Ticks are known to carry infectious illnesses; Lyme disease is North America’s most common tick-borne disease. New research has examined how climate change will affect the incidence of Lyme disease and determined that an increase in the number of ticks, as well as improved host availability, will likely cause many more cases of the illness. The study, by scientists at Carnegie Mellon University and the Mayo Clinic College of Medicine and Science, was reported in the Canadian Journal of Infectious Diseases and Medical Microbiology. It found that Lyme disease cases will increase by over 20 percent by the middle of the century.
"A sizable increase in the incidence of cases of Lyme disease in the United States due to climate change is imminent," said study co-author Edson Severnini assistant professor of economics and public policy at Carnegie Mellon University's Heinz College. "Our findings should alert clinicians, public health professionals, and policymakers, as well as the general public."
Lyme disease cases are already on the rise. There were about 10,000 reported cases in 1991, but in the past five years, there have been about 28,000 more people diagnosed every year. The life of the ticks that spread the disease is highly dependent on environmental conditions like humidity and temperature. That dependency is so well-established, Lyme disease cases have been used as a measure of climate change.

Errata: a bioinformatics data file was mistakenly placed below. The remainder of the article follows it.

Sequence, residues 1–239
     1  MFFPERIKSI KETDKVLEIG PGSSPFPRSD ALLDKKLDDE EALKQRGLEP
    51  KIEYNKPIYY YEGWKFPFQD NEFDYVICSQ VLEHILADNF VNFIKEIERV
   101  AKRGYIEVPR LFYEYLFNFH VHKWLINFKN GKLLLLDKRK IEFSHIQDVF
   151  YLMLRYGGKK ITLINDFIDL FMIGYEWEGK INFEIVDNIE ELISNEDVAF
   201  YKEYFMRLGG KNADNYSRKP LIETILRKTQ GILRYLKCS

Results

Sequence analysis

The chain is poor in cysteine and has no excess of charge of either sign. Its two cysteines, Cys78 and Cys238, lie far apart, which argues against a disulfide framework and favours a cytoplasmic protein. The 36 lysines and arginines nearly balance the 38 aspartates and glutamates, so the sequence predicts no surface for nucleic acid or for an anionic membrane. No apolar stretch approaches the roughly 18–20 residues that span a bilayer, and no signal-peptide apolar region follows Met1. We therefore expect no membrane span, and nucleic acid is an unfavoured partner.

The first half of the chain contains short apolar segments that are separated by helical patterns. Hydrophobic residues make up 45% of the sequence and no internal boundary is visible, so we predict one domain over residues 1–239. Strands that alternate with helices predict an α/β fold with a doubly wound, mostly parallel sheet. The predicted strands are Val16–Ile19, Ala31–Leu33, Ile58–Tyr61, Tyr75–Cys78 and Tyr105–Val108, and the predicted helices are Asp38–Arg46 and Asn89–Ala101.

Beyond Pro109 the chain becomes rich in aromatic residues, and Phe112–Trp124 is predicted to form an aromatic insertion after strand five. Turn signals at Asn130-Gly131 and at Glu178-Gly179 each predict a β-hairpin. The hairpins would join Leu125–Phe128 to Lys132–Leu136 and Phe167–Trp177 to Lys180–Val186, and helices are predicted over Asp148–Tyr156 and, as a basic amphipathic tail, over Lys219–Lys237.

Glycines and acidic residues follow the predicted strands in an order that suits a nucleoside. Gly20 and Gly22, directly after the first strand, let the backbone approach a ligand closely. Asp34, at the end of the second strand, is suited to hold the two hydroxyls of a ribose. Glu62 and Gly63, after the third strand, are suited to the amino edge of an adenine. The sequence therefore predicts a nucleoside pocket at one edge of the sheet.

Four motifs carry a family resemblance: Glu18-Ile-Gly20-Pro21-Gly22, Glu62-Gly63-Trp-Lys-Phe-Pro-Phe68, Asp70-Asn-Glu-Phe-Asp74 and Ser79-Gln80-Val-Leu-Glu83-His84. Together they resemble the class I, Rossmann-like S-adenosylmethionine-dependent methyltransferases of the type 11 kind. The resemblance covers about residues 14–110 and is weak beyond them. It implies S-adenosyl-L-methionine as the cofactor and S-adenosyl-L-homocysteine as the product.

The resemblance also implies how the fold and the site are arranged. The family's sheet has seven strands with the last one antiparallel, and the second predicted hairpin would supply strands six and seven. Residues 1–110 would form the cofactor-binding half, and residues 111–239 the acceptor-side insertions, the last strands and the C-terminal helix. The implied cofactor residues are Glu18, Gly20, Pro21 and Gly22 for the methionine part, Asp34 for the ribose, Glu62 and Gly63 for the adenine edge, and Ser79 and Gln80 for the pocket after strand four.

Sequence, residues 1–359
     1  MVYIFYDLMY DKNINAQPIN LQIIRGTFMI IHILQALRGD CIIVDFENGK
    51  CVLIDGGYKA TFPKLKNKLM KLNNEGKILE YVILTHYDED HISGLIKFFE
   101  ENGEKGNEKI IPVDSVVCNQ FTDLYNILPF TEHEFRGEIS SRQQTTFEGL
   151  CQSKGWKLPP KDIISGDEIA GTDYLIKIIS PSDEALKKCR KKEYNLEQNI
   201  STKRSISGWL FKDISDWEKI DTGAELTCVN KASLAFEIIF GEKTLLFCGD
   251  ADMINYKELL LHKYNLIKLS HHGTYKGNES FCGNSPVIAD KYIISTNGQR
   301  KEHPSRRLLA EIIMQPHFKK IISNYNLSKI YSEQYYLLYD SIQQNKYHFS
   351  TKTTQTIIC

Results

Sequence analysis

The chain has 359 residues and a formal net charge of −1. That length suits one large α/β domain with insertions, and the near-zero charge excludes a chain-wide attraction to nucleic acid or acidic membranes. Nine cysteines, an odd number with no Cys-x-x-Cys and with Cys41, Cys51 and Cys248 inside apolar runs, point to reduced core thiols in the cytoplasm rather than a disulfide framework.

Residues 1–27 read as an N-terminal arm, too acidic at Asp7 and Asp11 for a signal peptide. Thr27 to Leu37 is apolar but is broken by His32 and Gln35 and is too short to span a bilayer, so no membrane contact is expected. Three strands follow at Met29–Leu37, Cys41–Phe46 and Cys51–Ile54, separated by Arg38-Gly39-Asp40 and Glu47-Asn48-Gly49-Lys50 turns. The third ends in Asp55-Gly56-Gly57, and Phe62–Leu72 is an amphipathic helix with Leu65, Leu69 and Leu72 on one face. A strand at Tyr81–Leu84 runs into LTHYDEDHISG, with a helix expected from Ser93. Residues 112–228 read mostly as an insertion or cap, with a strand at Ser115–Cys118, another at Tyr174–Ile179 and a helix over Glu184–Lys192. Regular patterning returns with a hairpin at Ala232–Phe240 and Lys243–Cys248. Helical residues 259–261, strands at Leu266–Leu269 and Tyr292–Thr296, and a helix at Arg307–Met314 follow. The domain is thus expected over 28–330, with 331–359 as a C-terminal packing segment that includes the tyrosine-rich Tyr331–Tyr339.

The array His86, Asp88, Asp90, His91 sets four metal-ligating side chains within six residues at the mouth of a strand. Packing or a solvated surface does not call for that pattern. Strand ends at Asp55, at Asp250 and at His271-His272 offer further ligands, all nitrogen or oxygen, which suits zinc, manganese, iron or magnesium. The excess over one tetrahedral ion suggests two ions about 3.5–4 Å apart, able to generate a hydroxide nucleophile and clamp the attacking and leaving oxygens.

For this work, the scientists focused on fifteen states where about 95 percent of reported Lyme cases originate. The team assessed epidemiological data collected by the Centers for Disease Control and Prevention and meteorological information kept by the National Oceanic and Atmospheric Administration for 568 counties from 2000 to 2016.
The U.S. National Climate Assessment has predicted that there will be a 3.6 Fahrenheit degree rise in temperature by mid-century. The researchers project that Lyme disease cases will rise by 21 percent during that time; there will be 8.6 more cases per 100,000 people every year.
"Tick-borne diseases are an important public health concern, and the incidence of these infections is increasing in the United States and worldwide," noted study leader Igor Dumic, a researcher at the Mayo Clinic College of Medicine and Science and the Mayo Clinic Health System. "Lyme disease is a classic example of the link between environmental factors and the occurrence and spread of disease."
Learn more about the latest Lyme disease diagnostics from this video, by the Centers for Disease Control and Prevention.